The generator, in another example, may be a doubly fed induction generator (DFIG). In that case, the voltage on the converter could be different from the Generator stator voltage. The converter is connected to generator rotor, and is normally the same voltage or a voltage which is lower than the stator voltage.

Low voltage may e.g. be considered as voltages up to 1000V. Medium voltage may be considered as voltages of 1 KV to about 60 kV. The generator Voltage could be low voltage, or medium voltage.

The main unit and the auxiliary unit are assembled at the interface by a unit fixation structure. The unit fixation structure may fixate the auxiliary unit to the main unit when the auxiliary unit is an assembly position, and it may be suitable for allowing release of the auxiliary unit from the main unit at a later date after the main unit is assembled on the tower top for example for service or replacement. For that purpose, the unit fixation structure may comprise mutually interlocking structural features on the main unit and on the auxiliary unit. Examples of such mutually interlocking features may be protrusions on one of the main and auxiliary unit and indentations or holes on the other one of the main and auxiliary unit, the unit fixation structure may form a bolted interface allowing releasable joining of the main and auxiliary units, or the auxiliary unit may be held in place on the main unit by cables by which the auxiliary unit can be lowered to the ground for service, replacement of components, or for transport of components and personnel between ground and the nacelle. In one embodiment, the unit fixation structure is configured such that the auxiliary unit can be received by the main unit when the auxiliary unit is lowered in close vicinity to the main unit. Such a unit fixation structure may be constituted by hooks or by interlocking structures on the main unit and the auxiliary unit. This may particularly be combined with a first suspension structure configured to receive the load of the operative component upon the movement of the auxiliary unit to the position where the unit fixation structure fixates the auxiliary unit on the main unit.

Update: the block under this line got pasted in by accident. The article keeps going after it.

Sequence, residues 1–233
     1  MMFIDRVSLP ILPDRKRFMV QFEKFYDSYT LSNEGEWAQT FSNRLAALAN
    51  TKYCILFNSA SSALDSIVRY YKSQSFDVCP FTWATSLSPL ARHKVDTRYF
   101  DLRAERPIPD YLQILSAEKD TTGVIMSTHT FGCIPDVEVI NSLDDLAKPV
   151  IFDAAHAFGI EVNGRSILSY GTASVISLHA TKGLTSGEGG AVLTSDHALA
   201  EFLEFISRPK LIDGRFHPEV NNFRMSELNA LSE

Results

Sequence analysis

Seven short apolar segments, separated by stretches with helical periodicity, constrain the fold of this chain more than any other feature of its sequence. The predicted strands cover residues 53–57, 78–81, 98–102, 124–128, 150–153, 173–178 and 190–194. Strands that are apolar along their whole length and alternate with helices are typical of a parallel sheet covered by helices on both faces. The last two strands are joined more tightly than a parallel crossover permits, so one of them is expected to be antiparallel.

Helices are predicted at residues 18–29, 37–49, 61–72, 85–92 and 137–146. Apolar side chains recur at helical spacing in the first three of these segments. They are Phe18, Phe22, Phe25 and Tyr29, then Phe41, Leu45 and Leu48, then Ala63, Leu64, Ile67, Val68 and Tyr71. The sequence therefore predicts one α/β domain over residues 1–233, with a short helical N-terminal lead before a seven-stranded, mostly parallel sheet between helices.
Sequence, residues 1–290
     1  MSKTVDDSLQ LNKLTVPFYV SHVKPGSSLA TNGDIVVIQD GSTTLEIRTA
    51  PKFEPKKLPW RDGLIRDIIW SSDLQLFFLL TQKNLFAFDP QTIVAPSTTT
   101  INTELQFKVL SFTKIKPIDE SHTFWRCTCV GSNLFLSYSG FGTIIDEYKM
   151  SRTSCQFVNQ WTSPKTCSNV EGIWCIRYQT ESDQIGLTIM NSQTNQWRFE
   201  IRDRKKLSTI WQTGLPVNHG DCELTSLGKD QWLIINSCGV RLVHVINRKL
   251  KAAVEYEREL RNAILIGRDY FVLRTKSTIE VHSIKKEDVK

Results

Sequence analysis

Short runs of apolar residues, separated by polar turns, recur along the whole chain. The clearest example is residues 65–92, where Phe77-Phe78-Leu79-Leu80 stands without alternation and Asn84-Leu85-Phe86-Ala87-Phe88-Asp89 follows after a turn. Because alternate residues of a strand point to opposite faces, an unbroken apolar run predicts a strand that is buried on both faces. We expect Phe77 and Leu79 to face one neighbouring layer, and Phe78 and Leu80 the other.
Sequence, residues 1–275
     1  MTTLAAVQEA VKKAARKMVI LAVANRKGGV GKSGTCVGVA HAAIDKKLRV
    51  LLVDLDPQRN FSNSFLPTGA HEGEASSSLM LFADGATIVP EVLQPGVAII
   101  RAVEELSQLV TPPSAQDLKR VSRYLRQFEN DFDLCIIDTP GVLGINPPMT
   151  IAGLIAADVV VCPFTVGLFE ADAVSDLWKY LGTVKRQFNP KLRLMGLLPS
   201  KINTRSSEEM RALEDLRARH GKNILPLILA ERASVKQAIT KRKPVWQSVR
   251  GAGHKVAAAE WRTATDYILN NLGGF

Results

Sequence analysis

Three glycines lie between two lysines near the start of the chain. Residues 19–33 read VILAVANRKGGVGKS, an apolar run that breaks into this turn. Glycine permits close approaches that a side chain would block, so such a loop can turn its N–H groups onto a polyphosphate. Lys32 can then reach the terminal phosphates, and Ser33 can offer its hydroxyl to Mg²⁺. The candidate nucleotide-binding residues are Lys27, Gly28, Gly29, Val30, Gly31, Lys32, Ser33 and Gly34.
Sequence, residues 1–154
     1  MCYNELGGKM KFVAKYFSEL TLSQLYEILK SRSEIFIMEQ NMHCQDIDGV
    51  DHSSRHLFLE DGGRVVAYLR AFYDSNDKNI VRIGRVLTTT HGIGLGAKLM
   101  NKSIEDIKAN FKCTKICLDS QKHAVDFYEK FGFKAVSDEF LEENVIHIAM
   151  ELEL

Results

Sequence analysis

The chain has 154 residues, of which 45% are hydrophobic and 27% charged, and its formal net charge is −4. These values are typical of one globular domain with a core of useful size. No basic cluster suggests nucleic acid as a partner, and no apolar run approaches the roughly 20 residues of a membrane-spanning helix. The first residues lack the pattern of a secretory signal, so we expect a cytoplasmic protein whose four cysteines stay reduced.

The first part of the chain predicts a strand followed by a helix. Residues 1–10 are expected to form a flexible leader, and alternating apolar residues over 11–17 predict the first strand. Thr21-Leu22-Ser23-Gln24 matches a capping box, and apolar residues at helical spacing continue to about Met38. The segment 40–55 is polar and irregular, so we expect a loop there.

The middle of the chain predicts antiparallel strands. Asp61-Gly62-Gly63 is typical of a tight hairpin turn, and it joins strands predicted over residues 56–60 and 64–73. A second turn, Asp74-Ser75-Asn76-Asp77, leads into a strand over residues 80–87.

The operative component is accommodated in the auxiliary unit but suspended directly on the main unit, e.g. directly on the main frame in the main unit. Herein that means that at least a part of the load of the operative component is transferred directly to the main unit without loading the auxiliary unit or the unit fixation structure. This load is herein referred to as the direct load.

The direct load does not necessarily constitute the entire load caused by the operative component accommodated in the auxiliary unit but is a major part thereof. Thus, the direct loads may e.g. constitute anything e.g. from 50 percent to 100 percent of the total load caused by the operative component accommodated in the auxiliary unit and suspended direction on the main unit. Particularly, the direct load may constitute 100 percent of the total load meaning that the operative component is entirely carried by the main unit. The weight of the operative component in a 5 MW wind turbine may as an example be 25-30 ton (transformer and/or converter), and the weight of an auxiliary unit for housing such a component may be 5-15 tons. Accordingly, to pass the load of the operative component at least partly to the main unit and particularly to the main frame may be an advantage.